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Capital Mobility and Asset Pricing

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  • Darrell Duffie
  • Bruno Strulovici

Abstract

We present a model for the equilibrium movement of capital between asset markets that are distinguished only by the levels of capital invested in each. Investment in that market with the greatest amount of capital earns the lowest risk premium. Intermediaries optimally trade off the costs of intermediation against fees that depend on the gain they can offer to investors for moving their capital to the market with the higher mean return. Those fees also depend on the bargaining power of the investor, in light of potential alternative intermediaries. In equilibrium, the speeds of adjustment of mean returns and of capital between the two markets are increasing in the degree to which capital is imbalanced between the two markets.

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Paper provided by Northwestern University, Center for Mathematical Studies in Economics and Management Science in its series Discussion Papers with number 1478.

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Date of creation: 14 Sep 2009
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Handle: RePEc:nwu:cmsems:1478

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Keywords: capital mobility; market frictions; financial intermediation; law of one price;

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Citations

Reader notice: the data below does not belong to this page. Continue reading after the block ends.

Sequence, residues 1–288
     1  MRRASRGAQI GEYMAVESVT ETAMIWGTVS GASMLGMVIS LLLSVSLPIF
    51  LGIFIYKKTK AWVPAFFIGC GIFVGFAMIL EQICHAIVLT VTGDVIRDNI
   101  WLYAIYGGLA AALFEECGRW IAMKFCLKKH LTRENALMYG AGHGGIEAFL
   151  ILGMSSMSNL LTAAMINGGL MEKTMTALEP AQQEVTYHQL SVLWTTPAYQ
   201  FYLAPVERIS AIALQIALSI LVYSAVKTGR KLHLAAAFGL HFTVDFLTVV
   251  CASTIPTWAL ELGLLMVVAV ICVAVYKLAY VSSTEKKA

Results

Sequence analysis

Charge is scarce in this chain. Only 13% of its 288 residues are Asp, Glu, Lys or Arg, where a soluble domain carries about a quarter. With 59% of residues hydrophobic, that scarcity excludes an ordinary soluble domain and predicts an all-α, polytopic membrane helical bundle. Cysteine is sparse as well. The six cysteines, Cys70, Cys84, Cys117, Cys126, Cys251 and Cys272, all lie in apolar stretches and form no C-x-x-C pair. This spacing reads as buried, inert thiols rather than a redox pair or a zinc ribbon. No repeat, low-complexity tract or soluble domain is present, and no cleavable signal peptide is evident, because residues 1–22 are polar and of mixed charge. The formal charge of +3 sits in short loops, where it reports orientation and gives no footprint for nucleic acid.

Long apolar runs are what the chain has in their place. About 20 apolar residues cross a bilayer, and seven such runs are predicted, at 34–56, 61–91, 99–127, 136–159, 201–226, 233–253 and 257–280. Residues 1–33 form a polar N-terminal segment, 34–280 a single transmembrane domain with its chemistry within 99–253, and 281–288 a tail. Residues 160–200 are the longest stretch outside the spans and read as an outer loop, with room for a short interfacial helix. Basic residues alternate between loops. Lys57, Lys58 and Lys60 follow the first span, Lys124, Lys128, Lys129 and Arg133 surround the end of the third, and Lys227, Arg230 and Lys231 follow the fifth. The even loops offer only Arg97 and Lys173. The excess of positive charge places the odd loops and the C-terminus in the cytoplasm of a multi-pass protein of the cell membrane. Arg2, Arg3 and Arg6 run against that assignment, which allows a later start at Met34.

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Cited by:
  1. Potì, Valerio & Siddique, Akhtar, 2013. "What drives currency predictability?," Journal of International Money and Finance, Elsevier, vol. 36(C), pages 86-106.
  2. Bruno Strulovici & Darrell Duffie, 2009. "Capital Mobility and Asset Pricing," 2009 Meeting Papers 87, Society for Economic Dynamics.
  3. Thiago de Oliveira Souza, 2013. "Discount rates, market frictions and the mystery of the size premium," 2013 Papers pde868, Job Market Papers.
  4. Acharya, Viral V. & Shin, Hyun Song & Yorulmazer, Tanju, 2009. "A Theory of Slow-Moving Capital and Contagion," CEPR Discussion Papers 7147, C.E.P.R. Discussion Papers.
  5. Dimitri Vayanos & Jiang Wang, 2012. "Market Liquidity — Theory and Empirical Evidence," NBER Working Papers 18251, National Bureau of Economic Research, Inc.
  6. Cristina Cella & Andrew Ellul & Mariassunta Giannetti, . "Investors’ Horizons and the Amplification of Market Shocks," FMG Discussion Papers dp717, Financial Markets Group.
  7. Atkeson, Andrew & Eisfeldt, Andrea L. & Weill, Pierre-Olivier, 2013. "The Market for OTC Derivatives," CEPR Discussion Papers 9403, C.E.P.R. Discussion Papers.
  8. John H. Cochrane, 2011. "Discount Rates," NBER Working Papers 16972, National Bureau of Economic Research, Inc.
  9. Azusa Takeyama & Nick Constantinou & Dmitri Vinogradov, 2012. "Credit Risk Contagion and the Global Financial Crisis," IMES Discussion Paper Series 12-E-15, Institute for Monetary and Economic Studies, Bank of Japan.
  10. Fernando Alvarez & Francesco Lippi, 2010. "Persistent Liquidity Effect and Long Run Money Demand," EIEF Working Papers Series 1017, Einaudi Institute for Economics and Finance (EIEF), revised Oct 2010.
  11. Greenwood, Robin & Thesmar, David, 2011. "Stock price fragility," Journal of Financial Economics, Elsevier, vol. 102(3), pages 471-490.
  12. Simon Loertscher & Andras Niedermayer, 2008. "Fee Setting Intermediaries: On Real Estate Agents, Stock Brokers, and Auction Houses," Discussion Papers 1472, Northwestern University, Center for Mathematical Studies in Economics and Management Science.
  13. Romans Pancs, 2014. "Workup," Review of Economic Design, Springer, vol. 18(1), pages 37-71, March.
  14. Zhiguo He & Arvind Krishnamurthy, 2013. "Intermediary Asset Pricing," American Economic Review, American Economic Association, vol. 103(2), pages 732-70, April.

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